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Old 04-20-22, 11:46 AM
  #105  
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Originally Posted by Andy_K View Post
Five points for @nlerner.
Damn, I had that one. I need to set my alarm for 3am to check Bike Forums to account for Neal's time difference advantage.

Points are hard to come by nowadays with all those supply chain issues.
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Old 04-20-22, 06:24 PM
  #106  
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Well got some work done on the Stone Grinder turns out most of the drive train and brake levers were a no go got it pieced together with some additional parts and rolling for a short ride. So i'm in $50 for the start pile and about $25 additional junk parts bars stem brake levers and swag crank arms and negative value freewheel place holder. So about 5 miles in on the challenge and have $30 or so budget to get things sorted out and another 95 miles to go.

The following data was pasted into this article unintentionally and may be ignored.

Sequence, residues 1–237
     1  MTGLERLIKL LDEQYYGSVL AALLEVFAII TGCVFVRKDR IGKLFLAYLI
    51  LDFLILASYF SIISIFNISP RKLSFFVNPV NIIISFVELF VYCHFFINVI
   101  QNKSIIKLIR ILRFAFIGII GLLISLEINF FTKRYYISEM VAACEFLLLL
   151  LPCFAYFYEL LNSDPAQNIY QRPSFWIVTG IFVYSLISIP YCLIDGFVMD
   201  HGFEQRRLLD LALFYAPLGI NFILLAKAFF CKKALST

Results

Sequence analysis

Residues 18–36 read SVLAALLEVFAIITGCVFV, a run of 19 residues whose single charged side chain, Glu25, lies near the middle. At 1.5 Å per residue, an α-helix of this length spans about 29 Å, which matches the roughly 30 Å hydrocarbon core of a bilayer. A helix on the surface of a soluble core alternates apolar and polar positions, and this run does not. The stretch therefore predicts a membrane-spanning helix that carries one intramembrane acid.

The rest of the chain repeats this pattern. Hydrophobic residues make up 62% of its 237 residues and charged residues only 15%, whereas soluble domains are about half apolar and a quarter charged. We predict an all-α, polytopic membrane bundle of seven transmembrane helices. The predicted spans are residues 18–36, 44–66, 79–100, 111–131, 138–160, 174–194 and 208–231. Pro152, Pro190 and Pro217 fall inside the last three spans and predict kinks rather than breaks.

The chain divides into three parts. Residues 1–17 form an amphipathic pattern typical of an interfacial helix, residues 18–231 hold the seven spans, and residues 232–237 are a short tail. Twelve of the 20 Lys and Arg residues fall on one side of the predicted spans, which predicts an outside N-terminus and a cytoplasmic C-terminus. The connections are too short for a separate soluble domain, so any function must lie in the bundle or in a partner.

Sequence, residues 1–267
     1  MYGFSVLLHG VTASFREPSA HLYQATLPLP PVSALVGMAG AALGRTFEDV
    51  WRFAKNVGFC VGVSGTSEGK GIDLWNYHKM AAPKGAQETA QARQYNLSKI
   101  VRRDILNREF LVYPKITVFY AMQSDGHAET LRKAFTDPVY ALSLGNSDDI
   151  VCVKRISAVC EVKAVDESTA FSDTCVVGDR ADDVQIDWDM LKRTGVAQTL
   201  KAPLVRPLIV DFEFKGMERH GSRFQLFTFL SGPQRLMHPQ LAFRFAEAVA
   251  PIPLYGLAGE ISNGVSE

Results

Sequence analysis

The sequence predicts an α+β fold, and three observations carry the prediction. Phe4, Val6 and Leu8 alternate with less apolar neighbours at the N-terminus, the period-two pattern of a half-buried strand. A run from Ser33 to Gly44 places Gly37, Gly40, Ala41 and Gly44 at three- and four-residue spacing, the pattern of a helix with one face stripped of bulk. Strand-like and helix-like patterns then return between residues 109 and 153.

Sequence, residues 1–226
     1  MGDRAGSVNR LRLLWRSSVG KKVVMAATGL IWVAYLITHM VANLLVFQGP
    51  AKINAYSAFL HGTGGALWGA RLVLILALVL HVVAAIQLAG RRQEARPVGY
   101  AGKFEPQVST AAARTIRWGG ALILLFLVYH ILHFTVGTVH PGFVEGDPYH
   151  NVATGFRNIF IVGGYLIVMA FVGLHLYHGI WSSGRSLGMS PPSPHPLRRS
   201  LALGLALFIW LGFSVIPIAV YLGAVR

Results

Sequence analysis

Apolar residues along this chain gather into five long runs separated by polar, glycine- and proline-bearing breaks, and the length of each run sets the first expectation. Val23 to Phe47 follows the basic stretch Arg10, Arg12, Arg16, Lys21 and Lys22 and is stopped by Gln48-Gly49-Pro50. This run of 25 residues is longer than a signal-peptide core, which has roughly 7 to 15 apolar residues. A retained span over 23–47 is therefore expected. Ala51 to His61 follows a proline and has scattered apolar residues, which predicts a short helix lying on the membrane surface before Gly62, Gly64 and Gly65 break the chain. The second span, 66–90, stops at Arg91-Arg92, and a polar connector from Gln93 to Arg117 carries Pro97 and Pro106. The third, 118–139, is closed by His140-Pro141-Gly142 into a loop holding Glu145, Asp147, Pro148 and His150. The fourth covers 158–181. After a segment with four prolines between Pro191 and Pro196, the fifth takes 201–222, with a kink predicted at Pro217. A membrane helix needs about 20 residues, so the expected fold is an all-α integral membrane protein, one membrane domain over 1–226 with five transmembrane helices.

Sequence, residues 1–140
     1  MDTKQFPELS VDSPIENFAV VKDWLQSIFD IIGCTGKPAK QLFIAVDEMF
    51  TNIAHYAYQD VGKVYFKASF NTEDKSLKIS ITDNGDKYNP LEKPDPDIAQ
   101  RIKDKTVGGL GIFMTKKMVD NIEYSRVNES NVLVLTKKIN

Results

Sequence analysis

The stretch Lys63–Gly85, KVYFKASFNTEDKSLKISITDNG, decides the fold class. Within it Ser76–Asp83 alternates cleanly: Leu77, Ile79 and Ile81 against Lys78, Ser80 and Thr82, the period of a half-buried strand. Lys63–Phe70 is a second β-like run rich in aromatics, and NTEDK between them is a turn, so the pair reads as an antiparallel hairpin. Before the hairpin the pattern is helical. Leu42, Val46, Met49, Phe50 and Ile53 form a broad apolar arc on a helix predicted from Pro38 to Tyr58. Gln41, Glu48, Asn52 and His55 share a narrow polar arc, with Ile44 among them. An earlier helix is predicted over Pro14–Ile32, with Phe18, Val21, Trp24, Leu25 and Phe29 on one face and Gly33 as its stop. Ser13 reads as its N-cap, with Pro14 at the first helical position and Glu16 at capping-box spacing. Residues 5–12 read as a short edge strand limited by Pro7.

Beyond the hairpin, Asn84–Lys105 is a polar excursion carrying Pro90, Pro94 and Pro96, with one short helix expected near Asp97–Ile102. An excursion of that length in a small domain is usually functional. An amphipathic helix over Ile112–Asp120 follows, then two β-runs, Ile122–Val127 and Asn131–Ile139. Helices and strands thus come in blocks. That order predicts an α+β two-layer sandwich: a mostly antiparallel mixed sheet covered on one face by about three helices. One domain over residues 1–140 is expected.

It looks like to get this one running good and complete the challenge in budget I may have to go with ugh single grip shifter for a strait 7speed rear.

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Old 04-20-22, 07:39 PM
  #107  
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Question for Glorious Fearless Leader Narhay:

Is the Raleigh Eclipse build that I failed to complete last year a candidate to enter for this year?

haven't touched it since I gave up on it.

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Old 04-20-22, 08:03 PM
  #108  
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Do you do anything special to get it working so well?

Originally Posted by Andy_K View Post
While I slept, CitriStrip was hard at work.

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Old 04-21-22, 01:33 AM
  #109  
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Originally Posted by jdawginsc View Post
Do you do anything special to get it working so well?